TTAB Test: Is EV500 Merely Descriptive of Electric Vehicle Competitions?
The USPTO refused registration of the mark EV500 under Section 2(e)(1), finding the mark to be merely descriptive of the services of promoting, organizing, and conducting competition events involving electric vehicles. Applicant conceded that EV stands for "electric vehicles," but it argued that "500" has no significance with respect to its services, since electric vehicles are "unlikely candidates for any type of competition going for 500 miles or longer." How do you think this came out? In re Contour Hardening, Inc., Serial No. 85569491 (May 12, 2015) [not precedential].
Examining Attorney Jenny Park pointed to applicant's own use of EV500 in connection with an exhibition (advertised as a race) that it sponsored, in which two vehicles traveled 500 miles on the Indianapolis Motor Speedway. Articles and blog posts showed that the number "500" miles is a benchmark for electric vehicles to travel on one charge. Therefore, the examining attorney contended, EV500 merely indicates that applicant's services will feature a 500-mile race involving electric vehicles.
Applicant argued that, to its knowledge, there has never been a 500-mile competition for electric vehicles, due to their technical limitations in terms of speed, range, and charging time. "[I]f '500' means anything, other than simply being an arbitrary term, it could refer to other features or characteristics of a race, such as 500-volt electric vehicles or 500 laps."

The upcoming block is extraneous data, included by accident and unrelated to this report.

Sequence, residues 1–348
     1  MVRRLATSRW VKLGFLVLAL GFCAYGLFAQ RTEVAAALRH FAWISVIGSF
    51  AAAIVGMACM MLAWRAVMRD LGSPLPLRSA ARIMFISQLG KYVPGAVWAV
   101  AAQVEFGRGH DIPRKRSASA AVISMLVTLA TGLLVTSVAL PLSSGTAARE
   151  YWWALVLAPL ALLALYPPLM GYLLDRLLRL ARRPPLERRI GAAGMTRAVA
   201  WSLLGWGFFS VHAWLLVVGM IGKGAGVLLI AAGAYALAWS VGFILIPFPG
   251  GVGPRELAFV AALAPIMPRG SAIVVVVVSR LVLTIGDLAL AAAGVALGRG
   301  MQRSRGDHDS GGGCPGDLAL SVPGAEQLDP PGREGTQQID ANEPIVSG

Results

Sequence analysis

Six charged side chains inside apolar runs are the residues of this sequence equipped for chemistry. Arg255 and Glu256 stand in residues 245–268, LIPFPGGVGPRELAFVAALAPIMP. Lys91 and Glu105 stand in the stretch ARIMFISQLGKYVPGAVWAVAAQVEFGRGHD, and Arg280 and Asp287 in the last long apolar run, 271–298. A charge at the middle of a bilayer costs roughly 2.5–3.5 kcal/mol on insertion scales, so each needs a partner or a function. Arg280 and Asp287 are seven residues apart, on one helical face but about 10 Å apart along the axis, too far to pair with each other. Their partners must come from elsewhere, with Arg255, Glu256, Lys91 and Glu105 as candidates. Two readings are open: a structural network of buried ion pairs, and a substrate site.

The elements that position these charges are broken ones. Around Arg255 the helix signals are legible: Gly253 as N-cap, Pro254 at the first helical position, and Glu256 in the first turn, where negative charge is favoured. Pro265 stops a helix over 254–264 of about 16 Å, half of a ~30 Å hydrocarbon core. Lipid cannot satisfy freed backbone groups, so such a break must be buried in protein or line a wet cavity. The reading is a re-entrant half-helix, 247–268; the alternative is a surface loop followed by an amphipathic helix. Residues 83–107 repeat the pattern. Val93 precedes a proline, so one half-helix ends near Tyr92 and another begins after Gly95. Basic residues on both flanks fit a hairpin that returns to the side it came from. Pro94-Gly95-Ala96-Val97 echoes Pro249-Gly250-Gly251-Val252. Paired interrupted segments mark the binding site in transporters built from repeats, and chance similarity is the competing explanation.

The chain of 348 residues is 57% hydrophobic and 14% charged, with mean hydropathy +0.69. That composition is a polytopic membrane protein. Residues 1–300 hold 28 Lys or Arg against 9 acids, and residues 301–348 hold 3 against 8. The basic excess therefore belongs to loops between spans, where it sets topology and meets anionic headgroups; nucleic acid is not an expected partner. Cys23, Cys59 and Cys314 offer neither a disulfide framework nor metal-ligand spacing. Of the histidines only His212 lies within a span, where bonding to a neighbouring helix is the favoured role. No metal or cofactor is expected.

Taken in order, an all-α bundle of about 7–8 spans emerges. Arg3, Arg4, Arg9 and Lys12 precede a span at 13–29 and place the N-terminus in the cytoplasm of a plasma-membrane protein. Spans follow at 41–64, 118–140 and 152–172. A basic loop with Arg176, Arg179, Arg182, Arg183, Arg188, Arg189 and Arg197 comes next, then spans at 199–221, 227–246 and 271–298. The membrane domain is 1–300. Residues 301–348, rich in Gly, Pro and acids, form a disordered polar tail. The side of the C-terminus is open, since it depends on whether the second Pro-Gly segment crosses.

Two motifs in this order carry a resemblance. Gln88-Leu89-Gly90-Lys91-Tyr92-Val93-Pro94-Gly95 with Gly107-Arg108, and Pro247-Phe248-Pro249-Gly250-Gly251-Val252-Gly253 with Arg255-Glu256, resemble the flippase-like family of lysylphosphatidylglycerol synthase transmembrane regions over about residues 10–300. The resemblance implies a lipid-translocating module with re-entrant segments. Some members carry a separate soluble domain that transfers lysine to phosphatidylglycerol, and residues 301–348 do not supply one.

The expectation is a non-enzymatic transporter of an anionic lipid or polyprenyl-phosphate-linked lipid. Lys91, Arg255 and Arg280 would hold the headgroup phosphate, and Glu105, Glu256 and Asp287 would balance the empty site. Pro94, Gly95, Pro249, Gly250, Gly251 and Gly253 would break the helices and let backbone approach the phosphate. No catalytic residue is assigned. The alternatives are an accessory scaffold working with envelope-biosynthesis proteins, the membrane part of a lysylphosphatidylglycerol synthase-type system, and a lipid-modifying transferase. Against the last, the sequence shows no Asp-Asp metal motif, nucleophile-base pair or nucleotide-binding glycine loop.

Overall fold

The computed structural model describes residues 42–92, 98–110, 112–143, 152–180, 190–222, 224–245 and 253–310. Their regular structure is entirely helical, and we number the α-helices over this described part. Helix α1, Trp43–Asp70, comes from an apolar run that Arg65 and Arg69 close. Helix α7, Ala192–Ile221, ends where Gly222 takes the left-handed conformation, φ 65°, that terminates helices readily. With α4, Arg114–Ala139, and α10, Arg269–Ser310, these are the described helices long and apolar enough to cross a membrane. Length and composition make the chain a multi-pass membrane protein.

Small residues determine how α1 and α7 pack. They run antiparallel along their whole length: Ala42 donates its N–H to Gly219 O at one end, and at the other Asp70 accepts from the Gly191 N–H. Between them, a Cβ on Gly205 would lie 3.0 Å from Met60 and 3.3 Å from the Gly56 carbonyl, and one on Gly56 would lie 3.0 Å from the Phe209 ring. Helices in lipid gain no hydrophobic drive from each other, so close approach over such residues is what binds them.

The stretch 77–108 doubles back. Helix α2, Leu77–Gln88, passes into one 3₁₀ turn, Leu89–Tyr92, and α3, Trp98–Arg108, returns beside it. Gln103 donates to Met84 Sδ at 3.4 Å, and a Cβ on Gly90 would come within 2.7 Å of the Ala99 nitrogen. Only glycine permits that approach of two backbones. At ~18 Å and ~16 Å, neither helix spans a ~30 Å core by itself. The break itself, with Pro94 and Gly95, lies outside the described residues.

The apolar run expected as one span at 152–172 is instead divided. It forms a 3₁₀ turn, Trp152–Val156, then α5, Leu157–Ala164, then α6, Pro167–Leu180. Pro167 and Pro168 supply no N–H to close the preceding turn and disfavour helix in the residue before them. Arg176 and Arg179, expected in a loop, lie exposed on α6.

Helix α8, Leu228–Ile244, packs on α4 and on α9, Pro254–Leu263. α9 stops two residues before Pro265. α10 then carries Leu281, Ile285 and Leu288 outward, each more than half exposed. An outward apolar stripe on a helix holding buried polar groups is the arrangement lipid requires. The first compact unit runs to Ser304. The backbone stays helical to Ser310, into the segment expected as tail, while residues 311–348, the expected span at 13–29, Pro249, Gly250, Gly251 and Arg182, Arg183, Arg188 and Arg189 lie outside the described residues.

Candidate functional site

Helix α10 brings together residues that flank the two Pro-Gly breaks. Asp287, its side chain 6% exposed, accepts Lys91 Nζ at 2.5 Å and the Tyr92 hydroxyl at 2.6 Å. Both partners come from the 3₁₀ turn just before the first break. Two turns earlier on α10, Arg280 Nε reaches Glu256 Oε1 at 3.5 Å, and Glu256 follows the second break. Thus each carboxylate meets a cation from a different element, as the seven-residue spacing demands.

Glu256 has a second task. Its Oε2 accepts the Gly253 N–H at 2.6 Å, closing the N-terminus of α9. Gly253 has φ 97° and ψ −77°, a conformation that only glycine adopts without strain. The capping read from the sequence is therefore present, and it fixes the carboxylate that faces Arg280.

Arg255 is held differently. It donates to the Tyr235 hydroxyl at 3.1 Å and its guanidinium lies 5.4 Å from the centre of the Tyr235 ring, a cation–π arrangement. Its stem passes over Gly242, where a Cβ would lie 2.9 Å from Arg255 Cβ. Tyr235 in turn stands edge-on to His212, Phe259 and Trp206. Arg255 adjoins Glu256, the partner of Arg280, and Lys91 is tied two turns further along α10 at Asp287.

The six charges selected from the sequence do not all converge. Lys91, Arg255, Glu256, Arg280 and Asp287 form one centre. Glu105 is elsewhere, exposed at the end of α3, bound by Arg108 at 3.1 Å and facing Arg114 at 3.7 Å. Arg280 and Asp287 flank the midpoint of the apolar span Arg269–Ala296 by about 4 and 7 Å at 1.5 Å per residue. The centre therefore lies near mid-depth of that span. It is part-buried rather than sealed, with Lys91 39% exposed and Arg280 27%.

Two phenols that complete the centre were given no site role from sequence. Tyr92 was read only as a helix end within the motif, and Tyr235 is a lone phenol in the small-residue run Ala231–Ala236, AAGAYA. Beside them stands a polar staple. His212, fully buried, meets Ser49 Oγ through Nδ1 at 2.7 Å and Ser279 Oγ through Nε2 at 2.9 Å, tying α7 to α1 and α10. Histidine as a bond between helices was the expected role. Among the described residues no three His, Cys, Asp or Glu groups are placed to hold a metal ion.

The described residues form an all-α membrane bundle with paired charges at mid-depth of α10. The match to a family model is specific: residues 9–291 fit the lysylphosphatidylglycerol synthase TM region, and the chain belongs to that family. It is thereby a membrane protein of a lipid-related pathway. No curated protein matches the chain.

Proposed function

The Board noted that applicant owns a Supplemental Registration for EV500 for closely related services, and applicant's acceptance of that registration constituted an admission that the mark was descriptive at the time of registration.
The Board saw no question that "500" has significance in the vehicle racing industry. "Indy 500" is the most famous race covering 500 miles. The record also showed that "500" represents the "mileage goal" for electric vehicles, and a Danish car builder has achieved it. Several articles discussed future efforts to attain that goal.
In short, there was "ample record evidence to support a finding that a 500 mile race for electric vehicles is possible in the future, and that electric vehicle and battery makers are trying to manufacture electric vehicles that can drive 500 miles on one charge." Applicant's recitation of services is not limited to exclude competitions of 500 miles, and could encompass same (even if there hasn't been one yet).
The Board therefore found the mark to be merely descriptive, and it affirmed the refusal to register.
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TTABlog note: Seems like this is a mark that may be descriptive in the future. Or maybe it's wishfully descriptive? Or lauditory?
Text Copyright John L. Welch 2015.